After years of planning and construction, the $11.7 million Lake Nacimiento Water Treatment Plant is now officially open and sending water to Paso Robles residents, allowing ratepayers to finally drink the water they’ve been paying for since 2012.
“Completion of the plant marks a milestone for the community and will greatly enhance the city’s water portfolio and long-term sustainability,” city water resources manager Christopher Alakel said.
Under construction since May 2014, the Lake Nacimiento Water Treatment Plant is designed to treat 2.4 million gallons of lake water per day. Paso Robles has an annual 4,000 acre-foot share in the Nacimiento Water Project, a 45-mile pipeline that carries millions of gallons of drinking water from the lake to residents and businesses within San Luis Obispo County. The city’s share is supplemental to its Salinas river underflow and groundwater supplies.
The new water source also is expected to relieve some of the pressure on the struggling Paso Robles groundwater basin, where overpumping and drought have caused a drop in water levels and led to some wells going dry in unincorporated North County.
“This is a direct offset to groundwater pumping,” Alakel said of the plant.
The lake water has been available since 2011, but the treatment plant’s construction was delayed for several years, largely because of ratepayer protests over the city’s water rate increases needed to pay for the plant. The rate hikes have been appearing on water bills since 2012, and the city has been paying for its share in the Nacimiento pipeline without being able to use most of the water. In 2015, the city has used three quarters of its annual share to recharge the Salinas River.
Located in the city’s well field on the south end of town, the treatment plant has undergone rigorous testing this fall. After touring the facility and monitoring its operations, the state permitted the plant on Nov. 17.
The plant will be operated seasonally from May to October when Paso Robles is hot and dry and demand is highest. It will be seasonal because the cost of using Nacimiento water is 10 times the cost of using groundwater when accounting for its delivery and treatment costs. But for 2016, the system will run year-round because most of the plant’s equipment is under a one-year warranty,and city officials want to make sure everything continues to function properly.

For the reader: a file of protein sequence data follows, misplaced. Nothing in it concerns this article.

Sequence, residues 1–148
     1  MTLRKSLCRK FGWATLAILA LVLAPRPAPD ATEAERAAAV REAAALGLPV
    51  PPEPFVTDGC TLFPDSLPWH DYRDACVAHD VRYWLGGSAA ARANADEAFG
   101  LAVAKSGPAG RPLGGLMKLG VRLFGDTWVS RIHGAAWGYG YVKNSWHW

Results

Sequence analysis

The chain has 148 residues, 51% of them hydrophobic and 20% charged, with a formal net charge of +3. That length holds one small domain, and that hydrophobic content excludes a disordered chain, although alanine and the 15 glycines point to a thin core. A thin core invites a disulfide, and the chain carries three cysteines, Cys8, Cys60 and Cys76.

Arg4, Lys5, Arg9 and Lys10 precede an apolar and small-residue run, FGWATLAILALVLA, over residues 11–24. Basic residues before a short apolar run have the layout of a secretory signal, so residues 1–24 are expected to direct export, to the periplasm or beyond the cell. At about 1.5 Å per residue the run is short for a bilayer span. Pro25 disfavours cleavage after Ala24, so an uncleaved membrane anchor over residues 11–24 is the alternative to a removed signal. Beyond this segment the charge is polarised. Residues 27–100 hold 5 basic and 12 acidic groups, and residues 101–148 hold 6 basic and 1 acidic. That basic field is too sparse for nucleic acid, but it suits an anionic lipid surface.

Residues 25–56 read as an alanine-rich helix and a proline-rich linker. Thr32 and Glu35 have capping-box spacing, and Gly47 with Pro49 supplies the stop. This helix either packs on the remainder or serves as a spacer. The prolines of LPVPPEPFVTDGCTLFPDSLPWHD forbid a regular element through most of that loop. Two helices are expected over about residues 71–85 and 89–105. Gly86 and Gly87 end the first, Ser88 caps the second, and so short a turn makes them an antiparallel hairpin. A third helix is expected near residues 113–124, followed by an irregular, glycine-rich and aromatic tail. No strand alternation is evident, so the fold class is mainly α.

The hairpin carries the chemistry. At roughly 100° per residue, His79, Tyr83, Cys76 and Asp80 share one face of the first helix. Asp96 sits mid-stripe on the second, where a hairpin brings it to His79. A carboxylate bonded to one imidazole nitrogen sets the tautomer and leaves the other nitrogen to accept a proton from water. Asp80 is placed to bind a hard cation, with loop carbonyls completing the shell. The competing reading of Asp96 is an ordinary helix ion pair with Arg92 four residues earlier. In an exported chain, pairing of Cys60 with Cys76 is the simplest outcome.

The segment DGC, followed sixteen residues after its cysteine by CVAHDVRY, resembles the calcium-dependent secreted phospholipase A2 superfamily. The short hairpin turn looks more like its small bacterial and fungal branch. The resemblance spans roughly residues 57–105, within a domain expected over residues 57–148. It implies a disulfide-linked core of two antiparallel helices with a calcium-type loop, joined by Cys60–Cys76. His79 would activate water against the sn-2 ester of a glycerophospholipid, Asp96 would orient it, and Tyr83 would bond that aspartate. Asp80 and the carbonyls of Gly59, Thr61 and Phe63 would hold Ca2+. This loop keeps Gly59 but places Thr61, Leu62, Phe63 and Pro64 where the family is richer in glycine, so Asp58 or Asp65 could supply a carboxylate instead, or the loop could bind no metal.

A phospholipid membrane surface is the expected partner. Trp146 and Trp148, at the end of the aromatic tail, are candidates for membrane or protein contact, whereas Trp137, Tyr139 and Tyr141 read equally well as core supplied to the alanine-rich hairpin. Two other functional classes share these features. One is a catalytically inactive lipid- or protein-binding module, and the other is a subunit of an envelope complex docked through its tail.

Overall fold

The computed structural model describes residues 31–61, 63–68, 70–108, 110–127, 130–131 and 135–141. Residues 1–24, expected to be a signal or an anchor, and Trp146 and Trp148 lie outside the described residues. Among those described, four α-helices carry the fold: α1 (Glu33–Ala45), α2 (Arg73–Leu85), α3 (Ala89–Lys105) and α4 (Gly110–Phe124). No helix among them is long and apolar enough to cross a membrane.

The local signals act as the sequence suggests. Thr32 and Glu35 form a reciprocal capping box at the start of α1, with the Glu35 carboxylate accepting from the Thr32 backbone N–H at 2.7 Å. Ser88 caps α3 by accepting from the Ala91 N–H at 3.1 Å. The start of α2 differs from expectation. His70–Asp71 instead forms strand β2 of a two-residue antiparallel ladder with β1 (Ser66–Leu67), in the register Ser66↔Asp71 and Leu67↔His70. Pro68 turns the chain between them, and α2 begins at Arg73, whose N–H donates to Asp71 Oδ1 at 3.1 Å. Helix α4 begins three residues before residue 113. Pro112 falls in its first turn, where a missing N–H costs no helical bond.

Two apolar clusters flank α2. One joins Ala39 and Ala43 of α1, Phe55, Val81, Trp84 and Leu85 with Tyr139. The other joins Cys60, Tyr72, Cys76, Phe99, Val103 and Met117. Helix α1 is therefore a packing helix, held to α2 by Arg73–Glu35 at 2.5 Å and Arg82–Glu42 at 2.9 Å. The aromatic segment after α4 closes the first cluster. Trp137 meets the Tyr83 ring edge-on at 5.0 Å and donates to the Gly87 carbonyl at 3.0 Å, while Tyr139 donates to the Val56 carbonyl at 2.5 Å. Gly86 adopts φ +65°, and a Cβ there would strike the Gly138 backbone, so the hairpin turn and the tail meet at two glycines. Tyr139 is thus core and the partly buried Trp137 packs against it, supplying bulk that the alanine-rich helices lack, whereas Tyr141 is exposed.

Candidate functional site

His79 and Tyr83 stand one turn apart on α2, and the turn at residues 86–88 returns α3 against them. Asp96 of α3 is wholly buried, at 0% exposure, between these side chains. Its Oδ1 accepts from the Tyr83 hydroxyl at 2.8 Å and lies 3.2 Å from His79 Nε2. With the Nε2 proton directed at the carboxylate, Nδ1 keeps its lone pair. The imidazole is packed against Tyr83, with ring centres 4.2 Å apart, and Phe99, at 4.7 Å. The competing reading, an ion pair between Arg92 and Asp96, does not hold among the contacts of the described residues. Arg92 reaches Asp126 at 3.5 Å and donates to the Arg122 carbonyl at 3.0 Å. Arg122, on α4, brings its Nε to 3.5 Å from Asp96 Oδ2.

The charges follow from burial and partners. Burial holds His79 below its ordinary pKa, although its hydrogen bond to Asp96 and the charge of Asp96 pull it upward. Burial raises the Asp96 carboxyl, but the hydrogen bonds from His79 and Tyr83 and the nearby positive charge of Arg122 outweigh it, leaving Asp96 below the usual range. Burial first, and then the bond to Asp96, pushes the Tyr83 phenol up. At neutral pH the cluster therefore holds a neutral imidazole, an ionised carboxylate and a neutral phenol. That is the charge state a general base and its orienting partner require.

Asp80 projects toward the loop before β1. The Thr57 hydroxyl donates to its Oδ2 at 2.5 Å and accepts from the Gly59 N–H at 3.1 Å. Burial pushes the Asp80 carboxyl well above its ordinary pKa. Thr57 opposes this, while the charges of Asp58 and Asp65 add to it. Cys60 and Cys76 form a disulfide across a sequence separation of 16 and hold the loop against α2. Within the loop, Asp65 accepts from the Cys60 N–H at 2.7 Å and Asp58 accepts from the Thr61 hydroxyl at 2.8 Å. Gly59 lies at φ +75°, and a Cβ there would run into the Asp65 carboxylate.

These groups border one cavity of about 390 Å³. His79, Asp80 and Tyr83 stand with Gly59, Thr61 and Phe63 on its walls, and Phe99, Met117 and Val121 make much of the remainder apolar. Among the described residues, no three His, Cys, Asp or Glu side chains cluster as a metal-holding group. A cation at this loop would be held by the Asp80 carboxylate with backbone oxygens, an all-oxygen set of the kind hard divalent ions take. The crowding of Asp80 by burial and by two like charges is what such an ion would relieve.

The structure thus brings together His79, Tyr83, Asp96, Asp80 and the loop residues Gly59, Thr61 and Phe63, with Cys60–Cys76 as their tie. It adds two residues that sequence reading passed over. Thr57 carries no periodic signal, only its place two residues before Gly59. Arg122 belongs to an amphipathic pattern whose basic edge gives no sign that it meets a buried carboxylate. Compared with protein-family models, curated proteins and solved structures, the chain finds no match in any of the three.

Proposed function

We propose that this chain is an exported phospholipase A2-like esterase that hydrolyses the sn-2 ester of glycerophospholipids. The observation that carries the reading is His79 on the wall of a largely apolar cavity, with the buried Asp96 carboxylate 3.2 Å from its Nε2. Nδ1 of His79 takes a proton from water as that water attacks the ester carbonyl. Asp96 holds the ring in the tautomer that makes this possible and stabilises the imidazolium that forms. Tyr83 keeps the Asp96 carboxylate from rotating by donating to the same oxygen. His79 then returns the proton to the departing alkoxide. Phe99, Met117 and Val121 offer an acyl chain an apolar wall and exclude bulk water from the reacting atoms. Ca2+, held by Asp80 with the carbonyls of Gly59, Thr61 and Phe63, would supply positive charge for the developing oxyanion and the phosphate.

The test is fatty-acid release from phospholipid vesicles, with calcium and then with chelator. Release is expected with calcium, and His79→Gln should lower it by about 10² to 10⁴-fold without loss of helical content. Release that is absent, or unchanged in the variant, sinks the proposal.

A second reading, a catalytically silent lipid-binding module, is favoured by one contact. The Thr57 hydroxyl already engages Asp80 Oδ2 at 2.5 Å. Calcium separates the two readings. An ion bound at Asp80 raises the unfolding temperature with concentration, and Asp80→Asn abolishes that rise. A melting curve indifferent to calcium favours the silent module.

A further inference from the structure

This winter, as the city continues long-term testing at the plant, residents will notice substantially softer water since Nacimiento will be making up about 80 percent of the city’s total water supply to customers. Groundwater contains a significantly higher level of hardness than lake water does, Alakel said. Soft water, by comparison, generally creates the feeling of softer hair after showers and less residue on water fixtures. As such, the city is urging water customers to turn down their water softeners this winter to reduce salt-loading at the sewer plant, Alakel said.
Starting in 2017 and going forward, the plant will be operated seasonally to supplement summertime demands. During that time, the facility will treat 2.4 million gallons of lake water per day — making up about 32 percent of the city’s summertime water use, which averaged 7.4 million gallons per day in 2014. During the rainy season, the city’s water users consume as little as 2.5 million gallons per day, which can be provided by the city’s river underflow wells.
In February 2014, the Paso Robles City Council allotted $12 million in construction funding for the plant, so the final $11.7 million cost was slightly under budget. The plant is staffed with four operators; additional cross-trained staff from the city’s water operations department will pitch in when needed.
Lake Nacimiento Water Treatment Plant
The new plant uses a five-step mechanical and chemical treatment process to make the lake water drinkable. Byproducts generated from the treatment process are diverted to the city sewage treatment plant.
Step 1: Water is piped in from the Nacimiento turnout and into the plant, entering a chamber where it’s mixed with chemicals to oxidize certain metals to make them readily removable.
Step 2: The water is flowed into a series of chambers to mix with chemicals designed to consolidate organic matter, such as decomposing plant material. The process uses micro air bubbles to float particles and solids to the water surface, producing a foam-like substance that’s scraped off and discarded.
Step 3: The water is pushed through a mechanical filtration system to remove fine particles and bacteria.
Step 4: The clean water then flows into four pressure vessels to address the water’s taste and odor.
Step 5: Chemical disinfection makes up the final step, as the chlorinated water travels zigzagged paths through a contact basin.